Limpopo health MEC withdraws new rosters indefinitely
Health workers in Limpopo have won their fight to ensure the new roster system is not implemented in the province.
Limpopo health MEC Dr Phophi Ramathuba has withdrawn circulars issued by her department last month in an effort to reduce overtime claims by introducing a new roster system.
TimesLIVE has seen the latest circular signed by Ramathuba on Tuesday informing all district executive managers, chief executives officers, head of institutions, head of vertical programmes, heads of human resources and staff that all previous circulars have been suspended indefinitely and withdrawn with immediate effect.
Last week, health workers — mostly doctors — protested against the new roster system the province wanted to introduce, but Ramathuba told TimesLIVE the system would not affect doctors.
The health MEC said none of the hospitals in the province had implemented the new rosters. She said the province had wanted to pilot the new roster system in an effort to regulate overtime claimed by workers.
“People claimed for overtime before they could work their 40 hours,” Ramathuba said.
The Public Servants Association (PSA) provincial manager in Limpopo, John Teffo, said the health workers were against the new system because it was going to affect them negatively in many ways.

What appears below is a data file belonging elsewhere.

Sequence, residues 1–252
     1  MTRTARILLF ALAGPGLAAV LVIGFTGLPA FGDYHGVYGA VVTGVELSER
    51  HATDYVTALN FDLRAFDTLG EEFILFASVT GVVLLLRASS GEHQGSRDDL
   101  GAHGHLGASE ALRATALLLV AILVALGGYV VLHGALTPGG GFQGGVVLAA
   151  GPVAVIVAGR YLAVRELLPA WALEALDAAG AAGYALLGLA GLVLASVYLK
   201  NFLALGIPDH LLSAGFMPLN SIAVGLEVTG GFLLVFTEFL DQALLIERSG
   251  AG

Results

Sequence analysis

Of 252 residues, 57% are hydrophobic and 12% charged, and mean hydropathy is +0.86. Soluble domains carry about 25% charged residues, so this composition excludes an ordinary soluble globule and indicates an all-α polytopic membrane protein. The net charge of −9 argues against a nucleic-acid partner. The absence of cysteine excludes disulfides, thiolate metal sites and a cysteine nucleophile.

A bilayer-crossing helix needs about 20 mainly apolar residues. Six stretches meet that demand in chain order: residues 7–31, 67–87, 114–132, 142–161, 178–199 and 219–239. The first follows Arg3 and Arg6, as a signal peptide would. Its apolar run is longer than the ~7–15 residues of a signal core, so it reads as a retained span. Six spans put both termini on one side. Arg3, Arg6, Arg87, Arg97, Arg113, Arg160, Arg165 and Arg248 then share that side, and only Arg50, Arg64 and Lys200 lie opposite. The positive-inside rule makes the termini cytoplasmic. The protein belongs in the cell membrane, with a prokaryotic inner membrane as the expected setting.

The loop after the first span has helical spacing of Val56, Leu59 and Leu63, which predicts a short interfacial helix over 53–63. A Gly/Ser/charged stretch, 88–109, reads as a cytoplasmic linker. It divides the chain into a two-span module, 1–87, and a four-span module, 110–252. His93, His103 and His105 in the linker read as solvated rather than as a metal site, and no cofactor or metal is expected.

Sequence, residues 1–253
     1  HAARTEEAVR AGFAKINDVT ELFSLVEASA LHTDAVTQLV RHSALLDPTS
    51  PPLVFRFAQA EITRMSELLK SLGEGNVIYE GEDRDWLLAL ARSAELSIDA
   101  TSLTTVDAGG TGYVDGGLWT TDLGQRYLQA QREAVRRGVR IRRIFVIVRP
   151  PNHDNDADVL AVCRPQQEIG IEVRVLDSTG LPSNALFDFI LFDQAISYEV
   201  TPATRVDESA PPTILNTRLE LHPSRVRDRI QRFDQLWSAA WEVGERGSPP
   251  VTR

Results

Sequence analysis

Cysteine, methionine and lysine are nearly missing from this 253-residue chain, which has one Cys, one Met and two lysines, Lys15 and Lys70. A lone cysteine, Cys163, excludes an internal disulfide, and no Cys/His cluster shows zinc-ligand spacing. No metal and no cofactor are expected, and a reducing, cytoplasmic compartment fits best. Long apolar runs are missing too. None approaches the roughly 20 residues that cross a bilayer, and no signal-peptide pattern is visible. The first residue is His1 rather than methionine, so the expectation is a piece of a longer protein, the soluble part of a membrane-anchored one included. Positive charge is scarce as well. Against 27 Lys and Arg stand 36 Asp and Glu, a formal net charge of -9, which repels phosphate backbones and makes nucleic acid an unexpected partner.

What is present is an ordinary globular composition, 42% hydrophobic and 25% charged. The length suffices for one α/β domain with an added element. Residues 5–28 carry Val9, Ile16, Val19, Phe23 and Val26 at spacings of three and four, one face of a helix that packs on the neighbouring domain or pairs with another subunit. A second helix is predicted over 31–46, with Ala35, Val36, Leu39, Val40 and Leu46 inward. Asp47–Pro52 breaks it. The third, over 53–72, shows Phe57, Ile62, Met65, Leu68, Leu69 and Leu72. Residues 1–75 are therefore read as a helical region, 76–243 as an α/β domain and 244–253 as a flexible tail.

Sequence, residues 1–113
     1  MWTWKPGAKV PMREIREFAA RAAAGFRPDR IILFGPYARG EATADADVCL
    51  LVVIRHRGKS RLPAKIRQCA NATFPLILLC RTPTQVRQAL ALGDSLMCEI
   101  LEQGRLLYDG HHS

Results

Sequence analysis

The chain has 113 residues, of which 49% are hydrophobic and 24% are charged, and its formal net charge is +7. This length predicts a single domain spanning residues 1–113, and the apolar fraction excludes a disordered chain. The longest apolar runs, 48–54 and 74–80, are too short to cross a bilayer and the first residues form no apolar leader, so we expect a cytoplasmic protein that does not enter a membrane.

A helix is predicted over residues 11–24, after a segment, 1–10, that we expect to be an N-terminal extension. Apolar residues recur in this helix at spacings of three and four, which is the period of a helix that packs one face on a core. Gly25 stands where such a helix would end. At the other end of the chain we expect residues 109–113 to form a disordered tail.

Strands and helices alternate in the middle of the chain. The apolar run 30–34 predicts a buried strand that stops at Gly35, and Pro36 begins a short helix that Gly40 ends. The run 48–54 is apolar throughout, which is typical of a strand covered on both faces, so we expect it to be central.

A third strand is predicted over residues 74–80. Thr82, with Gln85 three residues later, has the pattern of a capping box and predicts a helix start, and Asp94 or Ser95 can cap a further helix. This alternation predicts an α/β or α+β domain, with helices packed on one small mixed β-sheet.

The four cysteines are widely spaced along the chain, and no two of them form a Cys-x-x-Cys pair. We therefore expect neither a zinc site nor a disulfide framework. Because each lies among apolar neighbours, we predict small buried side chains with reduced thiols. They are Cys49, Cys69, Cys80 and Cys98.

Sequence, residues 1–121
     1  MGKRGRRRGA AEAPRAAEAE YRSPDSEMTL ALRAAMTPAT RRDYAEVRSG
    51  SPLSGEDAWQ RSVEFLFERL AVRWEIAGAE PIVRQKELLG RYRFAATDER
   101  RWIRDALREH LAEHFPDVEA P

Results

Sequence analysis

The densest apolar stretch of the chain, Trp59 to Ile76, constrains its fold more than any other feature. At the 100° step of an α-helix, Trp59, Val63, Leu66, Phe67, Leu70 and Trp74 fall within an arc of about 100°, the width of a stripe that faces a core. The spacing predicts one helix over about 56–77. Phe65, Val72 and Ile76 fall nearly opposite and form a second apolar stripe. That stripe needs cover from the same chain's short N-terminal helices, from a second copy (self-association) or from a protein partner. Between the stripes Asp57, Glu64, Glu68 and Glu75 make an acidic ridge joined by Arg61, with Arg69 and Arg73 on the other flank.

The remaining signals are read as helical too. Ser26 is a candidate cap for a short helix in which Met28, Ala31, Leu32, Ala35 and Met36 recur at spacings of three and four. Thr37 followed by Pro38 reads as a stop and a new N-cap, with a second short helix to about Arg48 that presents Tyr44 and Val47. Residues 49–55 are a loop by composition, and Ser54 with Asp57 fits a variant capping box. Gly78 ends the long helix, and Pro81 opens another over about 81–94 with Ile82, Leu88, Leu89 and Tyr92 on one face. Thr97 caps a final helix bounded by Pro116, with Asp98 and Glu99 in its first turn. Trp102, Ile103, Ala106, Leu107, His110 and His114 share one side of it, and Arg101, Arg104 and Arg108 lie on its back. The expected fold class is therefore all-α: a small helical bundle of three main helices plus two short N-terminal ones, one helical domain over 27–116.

He said the decision could have been taken much earlier if the department was willing to listen to workers’ concerns.
Teffo said it was sad that it took threats about striking and picketing for the employer to suspend the roster.
“Employees were put under tremendous pressure and even threatened with dismissal if they were not prepared to comply with impractical rosters that were in contravention of the Occupational Health and Safety Act and the Basic Conditions of Employment Act.
“Employees were even accused of manipulating the overtime system and looting from the employer when they were sacrificing personal and family time to serve the people of Limpopo. The department was unable to fill vacancies owing to budgetary constraints, which resulted in employees also having to cover the work of those who left the department, but instead of being appreciated they were insulted and labelled as thieves,” Teffo said.
He said workers were not happy about the standardisation of rosters because they were expected to work 40 hours in four days and that was going to disrupt their lives as it would mean they were going to spend less time with their families.
Teffo said most workers in the province were migrant workers who lived far from their families so the current system of seven days in and seven days out works better for them.
Teffo lambasted the department for failing to consult with union leaders and workers and consider their input on how to deal with the challenges.
“The issue here is that what was happening was basically disempowering managers because the circulars were sent to them to implement,” Teffo said.
Ramathuba has, however, disputed this and said the circulars were authored by managers in different positions. She distanced herself from the circulars and said during a meeting with managers, it became evident there was a breakdown in communication when implementation was due to be realised.
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